09 April 2016

20 Camp Followers Near Completion. . .

 Here they are, almost done, for better or worse, with two coats of acrylic gloss, newly painted tents, and freshly hung officers' sheets.  The same acrylic gloss in the laundry cauldrons has yet to dry out.  I must also add a few tiny pieces of smoldering kindling beneath same as well as some carefully teased out cotton for whispy smoke.  Figures pictured include those manufactured by Minden/Fife&Drum, Suren (Willie), Reaper, and Black Hussar.


We woke this morning here at Totleigh-in-the-Wold, to a wintry scene outside, about three inches of fresh snow!  No great tragedy as far as I am concerned since I am a big fan of winter weather, but perhaps it is a bit much when you consider that it is already April 9th.  The tulips have been threatening to open here since before Easter after all.  Sadly, however, there is not quite enough snow on the ground to drag out the toboggan or strap on the cross-country skis one last time.  Sigh.  But as Pete the Cat is fond of saying, "It's all good."

In more soldierly news, I mad a big push last night and earlier this afternoon to wrap up the 20 camp followers I have been tinkering with since the end of February.  They are now almost finish save or a coat or two of carefully applied acrylic gloss medium, which I'll address this evening [actually accomplished in the company of the curious Young Master during Saturday afternoon].  The Grand Duchess has an all-day event on campus, which, I fear, will stretch into the evening hours for her.  She has been instrumental in its planning, and thus even busier than usual the last few days, which has given yours truly a bit more time in the evenings once the Young Master has retired for the night.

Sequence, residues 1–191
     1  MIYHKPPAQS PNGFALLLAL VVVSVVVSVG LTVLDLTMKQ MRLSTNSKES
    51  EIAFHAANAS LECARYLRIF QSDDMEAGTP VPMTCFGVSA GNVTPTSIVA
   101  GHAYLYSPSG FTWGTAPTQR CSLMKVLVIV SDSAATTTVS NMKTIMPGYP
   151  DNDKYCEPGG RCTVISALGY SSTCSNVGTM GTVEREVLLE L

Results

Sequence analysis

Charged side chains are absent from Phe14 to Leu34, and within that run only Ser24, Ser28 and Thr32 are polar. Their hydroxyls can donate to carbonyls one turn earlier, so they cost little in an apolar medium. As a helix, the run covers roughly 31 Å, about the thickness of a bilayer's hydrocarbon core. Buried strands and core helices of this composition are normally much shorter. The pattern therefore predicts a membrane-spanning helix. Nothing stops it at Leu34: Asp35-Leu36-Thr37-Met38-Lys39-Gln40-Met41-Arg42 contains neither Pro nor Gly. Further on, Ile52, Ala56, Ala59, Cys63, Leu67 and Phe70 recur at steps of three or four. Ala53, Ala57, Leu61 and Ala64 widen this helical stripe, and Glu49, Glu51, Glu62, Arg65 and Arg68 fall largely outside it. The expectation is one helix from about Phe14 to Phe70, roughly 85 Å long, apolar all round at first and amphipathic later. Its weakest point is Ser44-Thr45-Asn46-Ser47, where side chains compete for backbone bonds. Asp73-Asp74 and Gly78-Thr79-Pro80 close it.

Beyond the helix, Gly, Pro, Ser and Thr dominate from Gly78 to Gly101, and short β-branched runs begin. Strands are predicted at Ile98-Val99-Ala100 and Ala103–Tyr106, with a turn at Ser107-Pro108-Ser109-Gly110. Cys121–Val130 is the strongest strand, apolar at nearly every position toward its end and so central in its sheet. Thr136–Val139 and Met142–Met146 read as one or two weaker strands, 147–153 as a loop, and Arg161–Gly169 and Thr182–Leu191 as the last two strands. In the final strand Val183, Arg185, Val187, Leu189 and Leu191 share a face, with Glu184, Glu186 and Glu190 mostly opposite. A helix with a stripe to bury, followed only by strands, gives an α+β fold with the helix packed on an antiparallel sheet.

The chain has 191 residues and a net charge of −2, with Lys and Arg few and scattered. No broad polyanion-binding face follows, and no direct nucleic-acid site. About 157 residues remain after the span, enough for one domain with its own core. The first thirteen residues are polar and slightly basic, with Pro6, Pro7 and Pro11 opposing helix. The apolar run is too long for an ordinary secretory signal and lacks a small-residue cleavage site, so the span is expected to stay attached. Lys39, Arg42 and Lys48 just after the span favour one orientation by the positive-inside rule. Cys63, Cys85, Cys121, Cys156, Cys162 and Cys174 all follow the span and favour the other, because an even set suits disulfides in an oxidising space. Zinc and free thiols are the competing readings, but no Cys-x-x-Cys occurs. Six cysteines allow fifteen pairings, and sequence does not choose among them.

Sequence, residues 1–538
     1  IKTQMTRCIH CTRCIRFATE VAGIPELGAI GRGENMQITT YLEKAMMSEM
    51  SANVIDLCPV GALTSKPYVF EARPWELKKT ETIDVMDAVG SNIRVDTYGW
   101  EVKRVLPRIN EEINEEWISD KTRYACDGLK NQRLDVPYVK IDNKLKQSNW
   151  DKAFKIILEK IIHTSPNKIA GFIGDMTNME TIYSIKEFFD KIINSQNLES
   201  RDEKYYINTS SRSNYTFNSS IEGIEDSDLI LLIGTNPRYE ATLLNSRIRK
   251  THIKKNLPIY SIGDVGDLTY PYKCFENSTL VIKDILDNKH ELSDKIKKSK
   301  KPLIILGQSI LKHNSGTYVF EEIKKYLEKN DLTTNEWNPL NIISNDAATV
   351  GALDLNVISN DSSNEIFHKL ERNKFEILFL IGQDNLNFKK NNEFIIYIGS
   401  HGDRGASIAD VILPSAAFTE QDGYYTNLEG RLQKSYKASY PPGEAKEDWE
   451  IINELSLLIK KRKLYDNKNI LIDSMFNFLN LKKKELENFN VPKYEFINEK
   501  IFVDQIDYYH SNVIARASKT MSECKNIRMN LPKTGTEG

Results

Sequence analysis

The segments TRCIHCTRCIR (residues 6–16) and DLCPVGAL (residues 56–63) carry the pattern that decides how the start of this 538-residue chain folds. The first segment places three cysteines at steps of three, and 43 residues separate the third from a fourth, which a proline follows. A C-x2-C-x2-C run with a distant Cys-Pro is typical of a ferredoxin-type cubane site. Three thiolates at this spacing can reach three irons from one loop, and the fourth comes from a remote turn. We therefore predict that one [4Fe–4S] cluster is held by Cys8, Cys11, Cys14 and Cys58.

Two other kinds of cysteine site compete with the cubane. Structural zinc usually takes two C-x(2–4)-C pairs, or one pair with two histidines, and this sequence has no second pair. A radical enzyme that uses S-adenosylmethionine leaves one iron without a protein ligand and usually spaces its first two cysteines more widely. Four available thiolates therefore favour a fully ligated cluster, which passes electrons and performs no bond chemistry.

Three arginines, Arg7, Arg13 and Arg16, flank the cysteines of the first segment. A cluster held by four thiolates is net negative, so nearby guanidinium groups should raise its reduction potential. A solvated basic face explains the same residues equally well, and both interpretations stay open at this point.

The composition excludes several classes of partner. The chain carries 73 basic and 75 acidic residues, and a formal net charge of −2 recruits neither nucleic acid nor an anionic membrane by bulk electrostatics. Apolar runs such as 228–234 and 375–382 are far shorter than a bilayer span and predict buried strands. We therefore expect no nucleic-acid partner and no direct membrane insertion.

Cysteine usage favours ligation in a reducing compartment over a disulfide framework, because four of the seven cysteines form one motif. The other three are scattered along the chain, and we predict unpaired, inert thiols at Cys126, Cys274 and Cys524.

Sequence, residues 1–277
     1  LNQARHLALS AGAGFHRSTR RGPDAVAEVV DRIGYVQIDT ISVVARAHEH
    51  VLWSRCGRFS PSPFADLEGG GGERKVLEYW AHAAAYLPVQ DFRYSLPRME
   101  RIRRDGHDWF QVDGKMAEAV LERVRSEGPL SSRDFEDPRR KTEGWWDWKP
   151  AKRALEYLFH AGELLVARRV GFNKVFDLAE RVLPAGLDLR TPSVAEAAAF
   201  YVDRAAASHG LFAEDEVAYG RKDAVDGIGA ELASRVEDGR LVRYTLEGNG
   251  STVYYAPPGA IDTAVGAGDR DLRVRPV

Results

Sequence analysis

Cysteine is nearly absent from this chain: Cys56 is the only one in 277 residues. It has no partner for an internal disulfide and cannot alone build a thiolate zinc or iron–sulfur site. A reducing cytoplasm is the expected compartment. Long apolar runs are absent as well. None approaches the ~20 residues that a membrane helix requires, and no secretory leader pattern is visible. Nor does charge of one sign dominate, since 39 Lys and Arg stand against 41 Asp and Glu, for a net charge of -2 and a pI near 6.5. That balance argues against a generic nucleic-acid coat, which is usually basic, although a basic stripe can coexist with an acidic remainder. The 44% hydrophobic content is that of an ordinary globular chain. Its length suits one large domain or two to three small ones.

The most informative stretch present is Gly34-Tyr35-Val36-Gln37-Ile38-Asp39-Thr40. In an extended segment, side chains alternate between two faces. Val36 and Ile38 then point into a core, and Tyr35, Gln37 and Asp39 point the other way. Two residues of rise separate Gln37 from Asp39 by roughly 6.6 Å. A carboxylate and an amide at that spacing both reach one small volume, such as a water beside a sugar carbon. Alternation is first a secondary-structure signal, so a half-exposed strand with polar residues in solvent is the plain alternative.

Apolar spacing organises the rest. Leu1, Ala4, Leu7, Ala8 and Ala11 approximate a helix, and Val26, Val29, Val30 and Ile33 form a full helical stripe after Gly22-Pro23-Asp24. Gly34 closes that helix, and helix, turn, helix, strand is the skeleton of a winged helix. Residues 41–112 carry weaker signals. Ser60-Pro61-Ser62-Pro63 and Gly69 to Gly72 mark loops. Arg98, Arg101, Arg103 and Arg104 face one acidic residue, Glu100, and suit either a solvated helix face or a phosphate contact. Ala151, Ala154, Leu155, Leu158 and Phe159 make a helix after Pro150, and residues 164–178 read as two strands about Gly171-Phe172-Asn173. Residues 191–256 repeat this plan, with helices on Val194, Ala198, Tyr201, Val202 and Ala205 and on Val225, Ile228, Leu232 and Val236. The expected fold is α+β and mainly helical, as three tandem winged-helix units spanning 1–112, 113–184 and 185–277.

Reaper figures painted as suttlers along with their tent and some supplies in the background.  They answer to the names of "Gerda" (with the beer mugs), "Helga" (carrying the tray), and "Big Daddy" although rumor has it he isn't really their daddy.  Sugar daddy possibly, but that is perhaps a conversation best left for another time


Last but not least, I am finalizing things today and, as they say, pulling the trigger for a large order of Minden/Fife&Drum limbers, riders, and horse teams for my existing six or seven two-gun batteries of guns.  This is my BIG project for 2016, although I am adding bits and pieces here and there as I muddle through all of it.  For instance, there is another new and different wagon by Black Hussar Miniatures wending from Berlin, Germany to our front doorstep as we speak, which will be a nice addition to my large-ish transport train that took much of 2014 to assemble.  In addition, there is a small package of four assorted dogs produced by Westfalia Miniatures in the UK, which looks like an eventual nice addition to the collection.  One of you suggested a couple of years ago that a dog or four might be visually satisfying to include on a general's base and as part of the general hubbub of camp life.  These pooches and hounds should do the trick nicely.  



A close-up of my rather ambitious laundress vignette, complete with their smaller tent and laundry hanging on the line.  The lady at right is clearly racing to add liquid fabric softener before her time is up and the next wash cycle begins.  A pair of very useful female figures by Willie.  The stirring stick still needs painting, darn it!  Funny what you neglect in the rush to finish.



By the way, Black Hussar Miniatures now offers a very nice range of 28mm 18th century figures and wagons to enliven any tabletop setting.  The same is true of Westfalia Miniatures although they are more Napoleonic in focus, but it strikes me that the wagons and carriages they offer could easily be pressed into service for earlier, pre-Revolutionary conflicts during the 1700s too.  If you are looking around for items like these, it is worth scrutinizing the websites of both companies.  The horses produced by both are particularly well sculpted, almost on a par with Richard Ansell's work for Minden, Fife&Drum, and Crann Tara.


 Here is a tableau that has been on my workbench for close to two years.  I call it "The Naughty Lola, or Whatever Lola Wants, Lola Gets."  A rather idealistic Lutheran pastor (by Black Hussar Miniatures) attempts to save Lola (in the hat and green Austrian dragoon coat) and her associates from a life of debauchery.  He was, ultimately, not successful.  The ladies pictured were all gleaned from various Willie ranges.